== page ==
Sunday, Oct 22, 2017 | Last Update : 03:24 PM IST

A match made in heaven

THE ASIAN AGE. | NIKHIL AGARWAL
Published : Jun 30, 2017, 12:06 am IST
Updated : Jul 1, 2017, 7:07 pm IST

Just like wine, whisky too can be paired with food for a wholesome culinary experience.

Don’t be under the notion that whisky should only be paired with western cuisine.
 Don’t be under the notion that whisky should only be paired with western cuisine.

Bringing together flavours and aromas of food and beverage, when done correctly, is more than just the sum of its parts. Food and beverage pairing doesn’t only belong to the world of wine, it works fantastically well with spirits as well. In India, with our love for food and unwavering love for whisky, it would be wrong for us not to give them both a shot together.

So, I’ll talk about whisky and food pairing, something that I personally enjoy. Whisky pairings are a little more complicated than wines because of the high alcohol strength that has the ability to overpower most dishes. I have to admit it takes a lot more work and sometimes can be somewhat of a stretch. But when done correctly the pairings work beautifully.

The salient features of pairing whisky and food remain largely the same as that of wine — match or contrast flavours and keep in mind the intensity and weight of the spirit and the food so that one doesn’t dominate the other.

Whiskies are different in flavours and aromas depending on the water, barley and stills used to make them, the barrels used to mature them, where the ingredients like barley and water come from, and of course human intellect. No chef produces the same dish exactly the same way, if you catch my drift.

Once I paired a peated bully of a single malt whisky with 36-month aged Parmigiano Reggiano — more commonly known as parmesan cheese — dressed with a touch of organic honey, and I knew I had blown my guests away. Something you might have seen more commonly at hotel bars and is completely done to death is dark chocolate – at least 70 per cent cocoa strength and a 18-year-old port wood matured syrupy whisky, which is quite divine. But it’s not limited to cheese and chocolate.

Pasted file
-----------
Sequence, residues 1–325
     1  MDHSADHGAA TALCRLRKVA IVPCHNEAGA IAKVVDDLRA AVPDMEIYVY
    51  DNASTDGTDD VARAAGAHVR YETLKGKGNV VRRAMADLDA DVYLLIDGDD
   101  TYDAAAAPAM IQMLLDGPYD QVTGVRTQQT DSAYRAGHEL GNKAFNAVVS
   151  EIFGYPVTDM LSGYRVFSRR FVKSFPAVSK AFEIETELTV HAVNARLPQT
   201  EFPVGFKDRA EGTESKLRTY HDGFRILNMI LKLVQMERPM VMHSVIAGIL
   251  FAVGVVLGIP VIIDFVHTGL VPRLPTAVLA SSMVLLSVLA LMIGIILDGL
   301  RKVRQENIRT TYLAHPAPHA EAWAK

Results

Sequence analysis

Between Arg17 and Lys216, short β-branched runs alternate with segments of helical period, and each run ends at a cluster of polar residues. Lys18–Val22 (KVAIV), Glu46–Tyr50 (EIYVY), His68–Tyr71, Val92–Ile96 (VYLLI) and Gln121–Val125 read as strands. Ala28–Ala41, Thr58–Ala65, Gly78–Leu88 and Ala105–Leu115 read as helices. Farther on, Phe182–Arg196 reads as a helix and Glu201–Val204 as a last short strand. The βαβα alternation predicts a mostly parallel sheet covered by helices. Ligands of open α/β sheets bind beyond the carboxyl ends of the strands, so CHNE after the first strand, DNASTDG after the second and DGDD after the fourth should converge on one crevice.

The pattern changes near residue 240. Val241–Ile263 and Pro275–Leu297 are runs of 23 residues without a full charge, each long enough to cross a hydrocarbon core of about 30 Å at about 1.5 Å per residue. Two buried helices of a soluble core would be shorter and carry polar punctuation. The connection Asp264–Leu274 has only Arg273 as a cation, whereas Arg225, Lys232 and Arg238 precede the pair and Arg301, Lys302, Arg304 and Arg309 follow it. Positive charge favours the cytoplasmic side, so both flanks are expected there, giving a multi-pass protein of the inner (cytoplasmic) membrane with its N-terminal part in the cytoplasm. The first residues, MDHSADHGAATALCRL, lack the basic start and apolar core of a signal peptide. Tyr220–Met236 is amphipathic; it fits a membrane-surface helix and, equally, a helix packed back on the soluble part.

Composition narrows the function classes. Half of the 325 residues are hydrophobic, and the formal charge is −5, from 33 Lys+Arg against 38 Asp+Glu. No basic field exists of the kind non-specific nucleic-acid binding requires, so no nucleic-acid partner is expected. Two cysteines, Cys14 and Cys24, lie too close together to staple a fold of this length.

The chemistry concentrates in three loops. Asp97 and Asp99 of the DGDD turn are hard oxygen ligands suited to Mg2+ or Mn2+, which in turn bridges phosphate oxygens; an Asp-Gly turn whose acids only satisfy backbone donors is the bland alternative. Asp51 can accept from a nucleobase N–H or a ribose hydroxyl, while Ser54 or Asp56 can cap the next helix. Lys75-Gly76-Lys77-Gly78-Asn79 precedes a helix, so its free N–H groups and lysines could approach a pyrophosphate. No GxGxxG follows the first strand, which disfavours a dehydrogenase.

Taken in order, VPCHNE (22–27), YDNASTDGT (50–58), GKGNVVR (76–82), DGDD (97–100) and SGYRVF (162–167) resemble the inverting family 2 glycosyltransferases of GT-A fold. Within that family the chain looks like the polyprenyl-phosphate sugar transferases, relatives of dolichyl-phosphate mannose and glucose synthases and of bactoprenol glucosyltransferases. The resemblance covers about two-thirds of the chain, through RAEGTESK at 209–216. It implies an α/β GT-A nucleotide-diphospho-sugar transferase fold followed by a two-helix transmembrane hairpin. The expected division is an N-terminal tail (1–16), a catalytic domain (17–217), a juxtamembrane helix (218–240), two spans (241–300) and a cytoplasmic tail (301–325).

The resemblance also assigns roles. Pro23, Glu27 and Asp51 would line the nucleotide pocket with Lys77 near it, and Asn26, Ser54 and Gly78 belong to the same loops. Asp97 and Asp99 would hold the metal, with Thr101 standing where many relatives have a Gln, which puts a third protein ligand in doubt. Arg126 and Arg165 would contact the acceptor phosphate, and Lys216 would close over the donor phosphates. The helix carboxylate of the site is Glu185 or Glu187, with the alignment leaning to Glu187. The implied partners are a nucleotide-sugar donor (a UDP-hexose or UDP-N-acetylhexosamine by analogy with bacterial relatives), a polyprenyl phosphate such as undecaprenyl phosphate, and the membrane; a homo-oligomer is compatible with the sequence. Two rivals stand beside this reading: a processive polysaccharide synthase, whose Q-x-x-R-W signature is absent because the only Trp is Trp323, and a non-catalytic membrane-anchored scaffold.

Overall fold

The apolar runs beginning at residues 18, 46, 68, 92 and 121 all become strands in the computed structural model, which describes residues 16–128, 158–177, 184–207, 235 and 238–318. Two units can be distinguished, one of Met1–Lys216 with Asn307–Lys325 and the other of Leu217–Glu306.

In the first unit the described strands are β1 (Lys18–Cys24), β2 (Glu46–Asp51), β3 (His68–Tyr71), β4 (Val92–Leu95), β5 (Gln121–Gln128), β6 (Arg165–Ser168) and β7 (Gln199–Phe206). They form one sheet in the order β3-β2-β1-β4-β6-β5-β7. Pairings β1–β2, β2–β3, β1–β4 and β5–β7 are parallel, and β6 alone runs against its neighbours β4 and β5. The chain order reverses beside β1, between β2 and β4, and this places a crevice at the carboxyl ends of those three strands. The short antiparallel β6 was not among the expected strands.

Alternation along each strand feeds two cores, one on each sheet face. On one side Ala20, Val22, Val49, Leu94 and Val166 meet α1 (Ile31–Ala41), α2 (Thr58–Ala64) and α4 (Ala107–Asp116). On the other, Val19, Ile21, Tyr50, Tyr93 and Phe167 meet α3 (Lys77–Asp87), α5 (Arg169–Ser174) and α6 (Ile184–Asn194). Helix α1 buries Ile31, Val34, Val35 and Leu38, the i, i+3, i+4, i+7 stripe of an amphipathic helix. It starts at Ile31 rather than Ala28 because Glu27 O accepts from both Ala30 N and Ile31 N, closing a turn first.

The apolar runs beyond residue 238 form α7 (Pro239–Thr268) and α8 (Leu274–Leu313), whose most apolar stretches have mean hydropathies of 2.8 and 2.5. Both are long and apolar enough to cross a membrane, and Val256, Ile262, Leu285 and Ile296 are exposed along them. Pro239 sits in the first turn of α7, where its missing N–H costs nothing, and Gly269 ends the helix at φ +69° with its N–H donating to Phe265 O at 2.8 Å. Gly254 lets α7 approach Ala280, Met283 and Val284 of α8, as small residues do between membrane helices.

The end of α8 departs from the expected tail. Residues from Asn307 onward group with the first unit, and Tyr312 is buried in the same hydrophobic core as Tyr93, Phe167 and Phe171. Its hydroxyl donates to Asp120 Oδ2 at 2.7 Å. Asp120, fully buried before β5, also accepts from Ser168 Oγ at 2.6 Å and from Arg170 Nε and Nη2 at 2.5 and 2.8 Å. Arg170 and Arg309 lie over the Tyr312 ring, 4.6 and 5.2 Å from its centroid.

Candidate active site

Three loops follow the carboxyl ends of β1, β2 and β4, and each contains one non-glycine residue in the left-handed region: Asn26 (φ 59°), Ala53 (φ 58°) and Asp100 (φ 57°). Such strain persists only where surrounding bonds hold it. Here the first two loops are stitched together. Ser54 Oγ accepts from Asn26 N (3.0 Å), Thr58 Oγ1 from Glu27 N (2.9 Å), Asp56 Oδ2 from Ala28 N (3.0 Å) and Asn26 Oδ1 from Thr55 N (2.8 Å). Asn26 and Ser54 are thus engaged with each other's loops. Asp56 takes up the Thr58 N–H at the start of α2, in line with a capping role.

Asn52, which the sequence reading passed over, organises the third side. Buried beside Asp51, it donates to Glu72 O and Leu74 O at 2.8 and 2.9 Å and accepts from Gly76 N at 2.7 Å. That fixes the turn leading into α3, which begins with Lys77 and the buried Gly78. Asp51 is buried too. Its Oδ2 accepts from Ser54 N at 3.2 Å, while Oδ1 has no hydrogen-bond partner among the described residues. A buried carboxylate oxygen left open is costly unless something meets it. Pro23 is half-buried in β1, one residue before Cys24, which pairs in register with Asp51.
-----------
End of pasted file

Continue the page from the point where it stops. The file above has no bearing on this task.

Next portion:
Try an aromatic spicy biryani complete with cold raita to go along with a spicy and fruity whisky, suggests NikhilTry an aromatic spicy biryani complete with cold raita to go along with a spicy and fruity whisky, suggests Nikhil

Don’t be under the notion that whisky should only be paired with western cuisine. You must give Asian, and particularly Indian food, a shot. I love Peking Duck served with sweet plum sauce with a sweeter variety of whisky — perhaps Bourbon. Try an aromatic spicy biryani complete with cold raita to go along with a spicy and fruity whisky. The warmth of the whisky contrasts with the cool of the raita and the wood spice of the whisky matches well with the spice in the biryani.

I particularly like foods cooked on the barbecue or grill, or smoked to go along with my whiskies. The charred characteristics that these food items take on from the cooking technique are a brilliant match to the sweetness and smokiness or the peat influence of some whiskies. Kebabs and single malts are a legendary pairing as well, and this doesn’t only apply to the non-vegetarian kind.

If you put some thought into the style of whisky you are about to drink or prefer — whether light and floral, fruity and spicy, peaty or smoky, or full bodied and rich, there is a food pairing out there to go along with it. The world of whisky is getting larger every day and there are countless cuisines to try them all with, to match your pairing preference.  All you really need to do is keep experimenting.

(Nikhil Agarwal is a sommelier and CEO at All Things Nice)

Malt Week ongoing till July 6 and is designed to do just that with dinners, tasting flights, paired menus and malt based cocktails being showcased at at leading hotels and restaurants in Mumbai. Contact: 9820698883

Tags: whisky, kebabs